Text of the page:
Conserative Spotlight: American Border Patrol

Glenn Spencer has big plans for his American Border Patrol organization in 2005, including a new home, better monitoring of illegal aliens, and the hope that federal Border Patrol agents will benefit from the work he’s doing on the Arizona border with Mexico.

“Here on the border, the problem is simple,” said Spencer, the organization’s president who founded it in June 2002. “Here’s the law. Here’s the line. What’s the problem?”

Spencer’s active interest in immigration dates back to 1992, when he was a resident of California. But after living in California for 10 years–and growing increasingly frustrated with the state’s unwillingness to stem the flow of illegal aliens–Spencer decided he would get to the root of the problem by heading straight for the busiest illegal entry point along the border in Arizona.

The idea came in part from the work of Muriel Watson, the widow of a Border Patrol agent who had organized a group called Light Up the Border near San Diego. Hundreds of people drove their cars to border hotspots like Otay Mesa, Calif., at night and turned on their headlights, shedding light on the tattered state of border security.

Spencer went one step further. He wanted to shed light on the border, but do so on the Internet ( where people across the country could see the problem of illegal immigration live on their computers. He told Human Events his goal was to use technology as a means of exposing the problem, which would in turn spur efforts to fix it.

Spencer’s operation was based for two years in the southeastern Arizona community of Sierra Vista. But when his property association evicted him last year for running a business out of a residence–a federal judge ruled against Spencer–he moved farther south to Palominas, Ariz., where he has since expanded American Border Patrol.

The new headquarters is located on 18 acres of land, which a supporter of Spencer leased to him last year. He has since bought four acres, put up a manufactured home, built two runways for unmanned aerial vehicles (UAVs) and will soon be installing sensors to detect when illegal aliens cross the border. “This is going to multiply our effectiveness by a factor of 10,” Spencer told Human Events.

The location will also allow Spencer to concentrate his monitoring on a stretch of land between Naco, Ariz., and the Coronado National Memorial. Plans are in the works to install sensors in the corridor and monitor the crossing of illegal aliens with two existing UAVs and a soon-to-arrive third UAV. Spencer said he also hopes to upgrade the infrared camera used by American Border Patrol to increase detection at night.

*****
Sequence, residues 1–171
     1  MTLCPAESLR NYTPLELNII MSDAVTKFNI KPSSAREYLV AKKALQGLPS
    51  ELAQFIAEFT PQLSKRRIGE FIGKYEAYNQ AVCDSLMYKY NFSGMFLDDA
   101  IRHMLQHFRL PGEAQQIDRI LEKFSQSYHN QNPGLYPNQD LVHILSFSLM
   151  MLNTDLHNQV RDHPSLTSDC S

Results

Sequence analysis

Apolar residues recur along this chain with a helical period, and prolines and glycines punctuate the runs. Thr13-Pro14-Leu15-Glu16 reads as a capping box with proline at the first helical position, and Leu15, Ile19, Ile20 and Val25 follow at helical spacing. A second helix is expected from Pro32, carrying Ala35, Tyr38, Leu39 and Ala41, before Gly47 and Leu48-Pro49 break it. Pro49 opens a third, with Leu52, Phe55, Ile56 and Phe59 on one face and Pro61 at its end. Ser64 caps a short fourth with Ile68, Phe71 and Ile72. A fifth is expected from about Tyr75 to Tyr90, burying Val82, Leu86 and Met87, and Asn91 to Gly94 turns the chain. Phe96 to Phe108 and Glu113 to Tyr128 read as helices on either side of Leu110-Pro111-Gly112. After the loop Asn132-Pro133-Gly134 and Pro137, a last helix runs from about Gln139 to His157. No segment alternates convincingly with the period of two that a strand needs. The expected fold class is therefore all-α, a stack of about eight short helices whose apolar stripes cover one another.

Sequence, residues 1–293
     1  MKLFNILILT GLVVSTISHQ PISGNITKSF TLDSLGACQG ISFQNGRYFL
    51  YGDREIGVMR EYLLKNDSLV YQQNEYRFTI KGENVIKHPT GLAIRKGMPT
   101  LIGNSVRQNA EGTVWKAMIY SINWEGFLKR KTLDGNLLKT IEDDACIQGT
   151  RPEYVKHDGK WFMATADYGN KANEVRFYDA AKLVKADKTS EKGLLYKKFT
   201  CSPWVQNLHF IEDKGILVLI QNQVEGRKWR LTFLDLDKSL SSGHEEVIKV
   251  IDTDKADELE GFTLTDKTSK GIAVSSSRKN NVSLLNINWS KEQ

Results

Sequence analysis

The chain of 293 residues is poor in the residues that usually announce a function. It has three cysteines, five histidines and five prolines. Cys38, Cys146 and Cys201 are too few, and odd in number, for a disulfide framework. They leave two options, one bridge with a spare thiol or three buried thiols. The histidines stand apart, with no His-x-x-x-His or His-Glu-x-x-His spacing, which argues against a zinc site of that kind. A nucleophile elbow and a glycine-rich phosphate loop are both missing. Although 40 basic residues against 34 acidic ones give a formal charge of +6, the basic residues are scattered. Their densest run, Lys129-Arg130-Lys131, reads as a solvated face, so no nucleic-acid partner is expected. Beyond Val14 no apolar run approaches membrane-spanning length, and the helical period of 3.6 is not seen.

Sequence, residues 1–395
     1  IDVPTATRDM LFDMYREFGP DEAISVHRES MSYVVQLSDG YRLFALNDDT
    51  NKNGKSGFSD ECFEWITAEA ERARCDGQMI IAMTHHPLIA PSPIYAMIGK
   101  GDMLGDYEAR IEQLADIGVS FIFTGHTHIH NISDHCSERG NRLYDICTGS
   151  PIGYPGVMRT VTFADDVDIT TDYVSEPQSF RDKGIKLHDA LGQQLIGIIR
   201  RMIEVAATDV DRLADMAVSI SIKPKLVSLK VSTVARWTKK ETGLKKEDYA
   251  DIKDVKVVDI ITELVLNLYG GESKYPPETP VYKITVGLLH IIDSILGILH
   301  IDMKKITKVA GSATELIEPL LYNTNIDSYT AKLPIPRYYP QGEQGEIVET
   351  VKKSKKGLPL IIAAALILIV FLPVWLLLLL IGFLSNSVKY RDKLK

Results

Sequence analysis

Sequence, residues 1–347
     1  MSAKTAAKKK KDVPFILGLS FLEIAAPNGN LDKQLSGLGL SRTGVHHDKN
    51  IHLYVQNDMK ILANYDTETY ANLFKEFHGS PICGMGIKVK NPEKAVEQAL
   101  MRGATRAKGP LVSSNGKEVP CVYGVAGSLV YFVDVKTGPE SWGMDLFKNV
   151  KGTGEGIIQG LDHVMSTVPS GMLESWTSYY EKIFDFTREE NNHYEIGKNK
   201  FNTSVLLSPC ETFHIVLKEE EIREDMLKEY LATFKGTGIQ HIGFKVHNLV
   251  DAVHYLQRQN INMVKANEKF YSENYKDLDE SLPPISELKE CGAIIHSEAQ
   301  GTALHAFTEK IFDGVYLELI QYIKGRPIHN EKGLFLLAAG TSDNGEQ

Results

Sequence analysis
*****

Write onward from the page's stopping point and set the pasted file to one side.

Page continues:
Spencer’s goal is to improve performance by the U.S. Border Patrol, which he said does a poor job of catching illegal aliens and also assessing its success because it has no real means of monitoring the border. “We want to take a section of the border and be able to sample it statistically and actually see how many are getting past the Border Patrol,” Spencer said. “Our goal is to continue to reveal ways and means of evaluating, detecting and apprehending suspected border intruders.”

With a background in statistics and a lifelong interest in computer simulation, Spencer said he is optimistic that he will be able to come up with a useful measuring method for Border Patrol agents. In the late 1960s, he worked on a U.S. Navy project to reduce of the number of people stationed on guided missile destroyers without sacrificing operational efficiency. He said the U.S. Border Patrol faces a similar problem: It must maximize the effectiveness of its agents because they cannot keep up with the huge number of illegal border crossings.

Spencer estimates that, in its more than two years of existence, the American Border Patrol has helped agents apprehend 1,500 illegal aliens. Although he scoffs at U.S. immigration policy–he describes it as “catch and release” with no deterrent–Spencer said progress was being made, particularly among individual agents, whom he described as very appreciative of his work.

U.S. Border Patrol management has also adopted some of the same means of nabbing illegal aliens that Spencer first showcased. “We went out and essentially embarrassed them,” Spencer said. “Here was a little organization that showed the technology worked. The only reason the Border Patrol went to UAVs is that American Border Patrol shamed them into doing it.”

Spencer works with a team of four employees, plus volunteers who offer their services for missions. One employee, Jerry Deebach, builds the UAVs, and two others, Mike King and Mike Christie, help out with operations and also lead missions on the border. A fourth employee, Billie Parker, serves as an office administrator.

American Border Patrol may be reached at 13547 Ventura Blvd., Suite 163, Sherman Oaks, Calif., 91423 (phone 800-600-8642;